Welcome to the first anthology to identify and celebrate a new nonfiction form: the Short!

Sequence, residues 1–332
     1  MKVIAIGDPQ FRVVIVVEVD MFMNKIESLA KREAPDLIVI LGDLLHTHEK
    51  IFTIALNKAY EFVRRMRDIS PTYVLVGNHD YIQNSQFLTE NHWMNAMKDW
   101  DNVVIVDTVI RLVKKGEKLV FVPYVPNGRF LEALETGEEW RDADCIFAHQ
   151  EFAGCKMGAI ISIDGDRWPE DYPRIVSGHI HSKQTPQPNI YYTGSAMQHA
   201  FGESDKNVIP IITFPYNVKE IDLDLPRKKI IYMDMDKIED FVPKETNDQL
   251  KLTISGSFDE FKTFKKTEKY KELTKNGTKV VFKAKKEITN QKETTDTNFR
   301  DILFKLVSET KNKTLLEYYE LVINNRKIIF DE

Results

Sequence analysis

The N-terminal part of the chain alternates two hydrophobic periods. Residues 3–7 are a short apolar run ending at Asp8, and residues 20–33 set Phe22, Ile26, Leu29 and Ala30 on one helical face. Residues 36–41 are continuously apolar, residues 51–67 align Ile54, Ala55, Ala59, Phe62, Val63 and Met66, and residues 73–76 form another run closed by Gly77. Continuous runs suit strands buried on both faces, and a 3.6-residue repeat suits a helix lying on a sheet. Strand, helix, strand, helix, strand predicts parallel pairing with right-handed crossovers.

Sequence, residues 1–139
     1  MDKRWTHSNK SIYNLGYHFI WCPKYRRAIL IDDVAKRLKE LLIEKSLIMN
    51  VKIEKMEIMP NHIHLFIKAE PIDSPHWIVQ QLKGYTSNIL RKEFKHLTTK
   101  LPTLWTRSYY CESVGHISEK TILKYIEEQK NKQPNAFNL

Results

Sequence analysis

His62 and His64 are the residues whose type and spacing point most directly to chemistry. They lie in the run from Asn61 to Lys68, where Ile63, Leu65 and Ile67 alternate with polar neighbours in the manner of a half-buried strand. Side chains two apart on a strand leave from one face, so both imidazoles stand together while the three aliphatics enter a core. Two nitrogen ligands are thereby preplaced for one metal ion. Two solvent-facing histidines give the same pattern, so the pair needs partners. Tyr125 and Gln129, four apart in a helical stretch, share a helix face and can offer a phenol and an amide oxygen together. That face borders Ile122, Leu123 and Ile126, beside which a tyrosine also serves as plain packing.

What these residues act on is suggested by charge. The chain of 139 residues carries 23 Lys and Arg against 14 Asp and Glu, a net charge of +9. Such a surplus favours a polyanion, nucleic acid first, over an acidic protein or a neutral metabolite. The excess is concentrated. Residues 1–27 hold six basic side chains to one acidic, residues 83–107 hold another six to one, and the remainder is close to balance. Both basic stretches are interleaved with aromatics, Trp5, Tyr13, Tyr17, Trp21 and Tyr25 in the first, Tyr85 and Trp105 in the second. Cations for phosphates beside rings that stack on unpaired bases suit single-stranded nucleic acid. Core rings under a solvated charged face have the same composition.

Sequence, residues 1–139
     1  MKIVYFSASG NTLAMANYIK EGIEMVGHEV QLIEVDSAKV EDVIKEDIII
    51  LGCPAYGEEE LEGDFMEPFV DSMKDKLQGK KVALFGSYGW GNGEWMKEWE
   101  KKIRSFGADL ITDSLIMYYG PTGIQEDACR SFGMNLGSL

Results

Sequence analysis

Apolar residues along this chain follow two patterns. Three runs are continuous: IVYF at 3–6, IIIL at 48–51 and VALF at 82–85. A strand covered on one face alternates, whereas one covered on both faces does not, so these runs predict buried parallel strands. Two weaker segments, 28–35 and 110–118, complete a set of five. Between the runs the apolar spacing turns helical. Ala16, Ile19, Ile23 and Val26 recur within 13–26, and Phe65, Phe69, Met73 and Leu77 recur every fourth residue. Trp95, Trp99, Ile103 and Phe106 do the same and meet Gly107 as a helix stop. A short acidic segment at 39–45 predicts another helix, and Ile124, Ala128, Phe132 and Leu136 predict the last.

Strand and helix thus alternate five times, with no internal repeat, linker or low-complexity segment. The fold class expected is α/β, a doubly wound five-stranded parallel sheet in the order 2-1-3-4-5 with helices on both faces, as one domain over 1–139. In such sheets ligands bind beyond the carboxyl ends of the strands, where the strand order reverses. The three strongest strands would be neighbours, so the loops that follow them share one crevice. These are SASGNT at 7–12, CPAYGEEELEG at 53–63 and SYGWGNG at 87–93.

Even readers skeptical of short-attention-span publishing will find these short-short (fewer than 2000 words) essays addictive. They're like a plate of Cheese Doodles at a party: not every one is crisp and perfect, but many are, and so the reader keeps going, waiting for the next flash of brilliance. The short-short essay form seems to inspire people to write about nature. Though some are flaccid, the best, such as Kathleen Norris's paean to rain and Donald Hall's wry notes about the joy we take in suffering bad weather, connect natural events to humanity. Short memoirs are poignant, and the form cuts away any sentimentality. In three paragraphs, Stuart Dybek recalls the summer nights when drivers would occasionally pass through his neighborhood with their headlights off, and Henry Louis Gates Jr. gives his family's reasoning about why white people are poor cooks. Within such a short form, the spaces between things become paramountand in the best cases make exposition unnecessary. Judson Mitcham tells of feeding his mother in the hospital, then spotting a mass of starlings on his way home. In recalling the 50 pounds of moose meat her father gave her when she departed for college in the '60s, Brenda Peterson easily explains the food chain and her place in it. The editors contribute a cogent introduction on this innovative form, and Bernard Cooper writes in his preface about how small events become powerful, then demonstrates just that principle with a concluding meditation on sighing that is both sad and funny. (July)